Visible light, which is also known as white light, travels in straight lines at a tremendous speed through the air. Though we don't always see them, it is made up of different colors. When it passes through a prism it slows down and bends or refracts. The colors then separate and can be seen; this is called dispersion.
A prism has a greater density than air. When a light wave hits a prism the optical density changes. The optical density is the measure of the speed of the light wave as it moves through different materials. A prism slows the light down. This exposes what white light is made of: the different colors.
When white light enters and leaves a prism its wavelength changes. Within white light there are seven colors and each color has a different wavelength. The angles of the refracted beams of light depend on the angle of the initial light wave entering the prism and the color's wavelength. The prism disperses the light into seven colors: red, orange, yellow, green, blue, indigo and violet. This is known as "ROYGBIV."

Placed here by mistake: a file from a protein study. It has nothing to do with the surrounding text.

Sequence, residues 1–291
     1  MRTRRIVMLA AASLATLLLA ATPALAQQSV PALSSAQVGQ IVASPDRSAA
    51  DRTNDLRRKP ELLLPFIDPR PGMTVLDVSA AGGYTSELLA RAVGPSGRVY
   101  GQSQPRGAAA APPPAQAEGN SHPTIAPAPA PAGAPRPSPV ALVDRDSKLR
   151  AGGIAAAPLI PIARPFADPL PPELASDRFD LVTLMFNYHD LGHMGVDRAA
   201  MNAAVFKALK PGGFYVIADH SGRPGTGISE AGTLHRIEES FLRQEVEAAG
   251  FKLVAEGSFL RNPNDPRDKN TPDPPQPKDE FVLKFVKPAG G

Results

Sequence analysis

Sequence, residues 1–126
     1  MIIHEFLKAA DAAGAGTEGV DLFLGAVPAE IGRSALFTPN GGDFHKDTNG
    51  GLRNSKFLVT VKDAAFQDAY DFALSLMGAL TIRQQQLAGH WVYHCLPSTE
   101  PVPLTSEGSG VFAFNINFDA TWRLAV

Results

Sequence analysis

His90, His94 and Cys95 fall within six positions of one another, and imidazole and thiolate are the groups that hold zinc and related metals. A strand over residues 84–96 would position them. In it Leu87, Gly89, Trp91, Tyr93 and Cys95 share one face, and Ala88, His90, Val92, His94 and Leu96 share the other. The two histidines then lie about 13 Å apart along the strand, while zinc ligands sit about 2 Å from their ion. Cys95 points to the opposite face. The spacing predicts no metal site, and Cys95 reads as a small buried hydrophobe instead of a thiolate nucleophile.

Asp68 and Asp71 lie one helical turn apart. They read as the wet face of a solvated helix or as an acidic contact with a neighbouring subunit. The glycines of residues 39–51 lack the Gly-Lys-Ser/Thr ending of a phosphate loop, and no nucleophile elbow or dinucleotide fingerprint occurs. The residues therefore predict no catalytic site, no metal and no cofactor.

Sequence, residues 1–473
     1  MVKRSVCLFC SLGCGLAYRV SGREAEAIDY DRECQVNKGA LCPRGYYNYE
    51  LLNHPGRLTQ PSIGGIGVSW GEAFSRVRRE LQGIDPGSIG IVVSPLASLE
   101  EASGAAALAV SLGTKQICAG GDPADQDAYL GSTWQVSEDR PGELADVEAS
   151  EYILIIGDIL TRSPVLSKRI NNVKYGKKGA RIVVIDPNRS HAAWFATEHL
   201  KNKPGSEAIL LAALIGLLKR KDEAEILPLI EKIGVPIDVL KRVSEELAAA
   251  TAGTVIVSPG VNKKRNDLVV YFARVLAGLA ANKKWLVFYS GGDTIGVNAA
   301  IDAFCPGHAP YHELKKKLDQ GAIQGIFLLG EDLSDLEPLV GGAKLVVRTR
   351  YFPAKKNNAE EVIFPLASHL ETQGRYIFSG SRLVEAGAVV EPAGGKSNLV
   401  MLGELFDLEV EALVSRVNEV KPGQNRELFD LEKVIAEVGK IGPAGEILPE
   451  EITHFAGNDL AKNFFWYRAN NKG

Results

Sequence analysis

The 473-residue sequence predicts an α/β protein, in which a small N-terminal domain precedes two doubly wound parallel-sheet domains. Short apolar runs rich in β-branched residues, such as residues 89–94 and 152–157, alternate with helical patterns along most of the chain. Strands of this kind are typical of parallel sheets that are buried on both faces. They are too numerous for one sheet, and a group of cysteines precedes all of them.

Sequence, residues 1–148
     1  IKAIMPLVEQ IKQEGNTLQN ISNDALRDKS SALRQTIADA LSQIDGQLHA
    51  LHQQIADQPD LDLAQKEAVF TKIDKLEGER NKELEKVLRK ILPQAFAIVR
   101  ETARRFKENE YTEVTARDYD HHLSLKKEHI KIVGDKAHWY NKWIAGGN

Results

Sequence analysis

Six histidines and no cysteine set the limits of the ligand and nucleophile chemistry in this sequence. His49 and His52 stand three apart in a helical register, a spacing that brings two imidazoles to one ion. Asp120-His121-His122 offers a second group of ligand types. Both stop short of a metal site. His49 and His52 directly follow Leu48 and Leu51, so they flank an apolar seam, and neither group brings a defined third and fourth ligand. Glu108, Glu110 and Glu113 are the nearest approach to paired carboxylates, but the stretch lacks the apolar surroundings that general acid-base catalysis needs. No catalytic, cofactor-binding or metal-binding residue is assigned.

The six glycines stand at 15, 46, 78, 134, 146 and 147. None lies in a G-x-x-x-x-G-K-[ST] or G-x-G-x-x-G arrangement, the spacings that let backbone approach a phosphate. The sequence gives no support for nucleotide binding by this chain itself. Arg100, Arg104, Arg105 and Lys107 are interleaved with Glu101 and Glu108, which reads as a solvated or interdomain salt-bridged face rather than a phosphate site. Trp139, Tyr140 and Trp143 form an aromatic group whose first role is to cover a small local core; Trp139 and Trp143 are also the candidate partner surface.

Color and Wavelengths
The violet beam has a lower wavelength than the red beam and this affects the angle of refraction. The violet beam will be furthest away from the red beam and the other colors will be in-between according to their wavelength. The violet beam will therefore bend the most and the red beam will bend the least.
Angle of Deviation
The difference in how much the angle of the beam has changed upon entering and leaving the prism is called the "angle of deviation." The dispersion of light is more apparent with a triangular prism. This is because the surfaces of the triangular prism are slanted allowing for the different wavelengths to hit the prism and leave the prism at different speeds.